Data center developer Prime is to develop a new campus in Denmark.
The company this week announced plans for a three-building, 124MW campus located at Energivej in Saeby, in northern Denmark.
The 27.52-acre campus will feature three three-story buildings, each offering 45 MW across 348,750 sq ft (32,400 sqm). Timelines for development weren’t shared.
The Prime Denmark campus will be marketed to international cloud providers, Internet businesses, AI, and the Global Fortune 500.
“Denmark represents a strong growth opportunity for Prime,” said Nicholas Laag, founder & CEO of Prime. “The project will provide much-needed capacity as Denmark’s projected data center needs accelerate at a 25 percent CAGR through 2030. Additionally, this will be Prime’s most sustainable campus developed to date with a unique PUE offering that is neutral, reinforcing the company’s commitment to our customers, ESG, and to building the foundation for global technology advancement.”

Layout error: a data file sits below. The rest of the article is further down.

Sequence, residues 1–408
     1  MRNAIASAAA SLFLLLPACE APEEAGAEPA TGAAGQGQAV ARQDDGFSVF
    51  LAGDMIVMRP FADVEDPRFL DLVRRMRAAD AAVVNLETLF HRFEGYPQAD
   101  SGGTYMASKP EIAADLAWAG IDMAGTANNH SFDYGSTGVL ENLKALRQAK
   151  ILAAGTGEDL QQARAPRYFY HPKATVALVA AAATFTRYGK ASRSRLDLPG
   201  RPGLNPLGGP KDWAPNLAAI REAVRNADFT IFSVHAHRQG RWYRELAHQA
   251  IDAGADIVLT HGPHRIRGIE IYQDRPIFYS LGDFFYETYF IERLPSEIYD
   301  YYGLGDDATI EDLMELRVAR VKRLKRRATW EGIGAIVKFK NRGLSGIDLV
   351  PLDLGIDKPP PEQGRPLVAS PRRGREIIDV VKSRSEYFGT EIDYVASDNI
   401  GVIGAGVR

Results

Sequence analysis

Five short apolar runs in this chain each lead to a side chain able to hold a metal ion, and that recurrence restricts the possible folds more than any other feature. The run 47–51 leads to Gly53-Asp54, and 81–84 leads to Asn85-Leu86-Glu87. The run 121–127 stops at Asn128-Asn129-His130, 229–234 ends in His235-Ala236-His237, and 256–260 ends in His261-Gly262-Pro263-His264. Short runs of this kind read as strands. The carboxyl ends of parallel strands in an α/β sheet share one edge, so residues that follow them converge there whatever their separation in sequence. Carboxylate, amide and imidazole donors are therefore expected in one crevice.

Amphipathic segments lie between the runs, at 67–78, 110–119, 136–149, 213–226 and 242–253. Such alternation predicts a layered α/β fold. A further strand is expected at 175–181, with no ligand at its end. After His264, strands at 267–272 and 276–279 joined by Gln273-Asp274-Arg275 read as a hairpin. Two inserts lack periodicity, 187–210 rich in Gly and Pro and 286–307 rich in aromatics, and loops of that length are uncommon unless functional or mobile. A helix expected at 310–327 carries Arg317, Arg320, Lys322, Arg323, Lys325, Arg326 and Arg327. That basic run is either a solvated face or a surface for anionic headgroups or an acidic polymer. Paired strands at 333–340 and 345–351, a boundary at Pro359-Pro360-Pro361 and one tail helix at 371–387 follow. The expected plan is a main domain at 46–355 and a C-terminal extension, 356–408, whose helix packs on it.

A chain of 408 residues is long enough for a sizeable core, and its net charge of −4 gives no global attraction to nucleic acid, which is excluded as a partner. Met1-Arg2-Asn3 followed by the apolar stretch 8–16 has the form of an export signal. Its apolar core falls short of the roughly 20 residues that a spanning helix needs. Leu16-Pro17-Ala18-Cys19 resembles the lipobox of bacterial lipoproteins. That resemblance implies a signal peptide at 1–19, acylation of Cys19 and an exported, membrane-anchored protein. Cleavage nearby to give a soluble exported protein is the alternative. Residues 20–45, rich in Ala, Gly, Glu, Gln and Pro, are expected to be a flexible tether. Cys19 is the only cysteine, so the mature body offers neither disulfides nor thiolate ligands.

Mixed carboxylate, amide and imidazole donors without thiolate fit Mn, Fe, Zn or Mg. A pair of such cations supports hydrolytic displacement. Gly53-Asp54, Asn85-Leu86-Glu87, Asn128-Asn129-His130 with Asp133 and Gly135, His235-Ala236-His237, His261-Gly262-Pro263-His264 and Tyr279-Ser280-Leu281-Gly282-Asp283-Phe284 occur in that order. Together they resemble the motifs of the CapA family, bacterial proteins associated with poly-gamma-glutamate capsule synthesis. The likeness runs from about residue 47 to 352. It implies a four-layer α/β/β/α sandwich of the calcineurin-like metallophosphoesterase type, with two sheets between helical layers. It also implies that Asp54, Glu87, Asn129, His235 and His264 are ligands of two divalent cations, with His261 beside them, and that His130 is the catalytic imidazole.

The company said the campus will be powered by 100 percent renewable energy, and waste heat will be recycled and used to provide district heating from Saeby Heat Plant to the local community.
“As a non-profit focused on being Denmark’s leader in zero-carbon district heating, we are excited to partner with Prime on this initiative,” stated Trine Saaby, chairwoman of the board at Saeby Varmevaerk. “Working together, we can raise awareness of the value of district heating and expand its impact throughout Denmark and beyond.”
Customers will have the option for in-rack cooling that efficiently handles power densities of up to 50 kilowatts per cabinet via Prime’s partnership with New Nordic Data Cooling ApS.
According to pictures on Prime’s website and compared to Google Maps satellite imagery, the site on Sølystvej that Prime will be developing on is currently occupied by solar panels.
Prime's current portfolio is centered around California, with a campus in development in Chicago, Illinois. The company is reportedly looking at expanding into Spain. It has previously listed data centers in Madrid, Spain, and Frankfurt, Germany, as ‘coming soon’ on its website without further details, but has since taken them down.